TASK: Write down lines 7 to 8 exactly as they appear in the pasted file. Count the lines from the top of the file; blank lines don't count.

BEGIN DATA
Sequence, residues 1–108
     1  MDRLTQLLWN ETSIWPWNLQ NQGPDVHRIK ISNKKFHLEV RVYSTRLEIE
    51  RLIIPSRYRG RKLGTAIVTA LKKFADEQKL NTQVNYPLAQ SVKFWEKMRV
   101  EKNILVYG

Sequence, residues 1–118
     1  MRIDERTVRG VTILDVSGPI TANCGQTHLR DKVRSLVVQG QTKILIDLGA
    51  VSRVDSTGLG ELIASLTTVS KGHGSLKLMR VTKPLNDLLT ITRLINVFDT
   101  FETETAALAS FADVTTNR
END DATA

    51  VSRVDSTGLG ELIASLTTVS KGHGSLKLMR VTKPLNDLLT ITRLINVFDT
   101  FETETAALAS FADVTTNR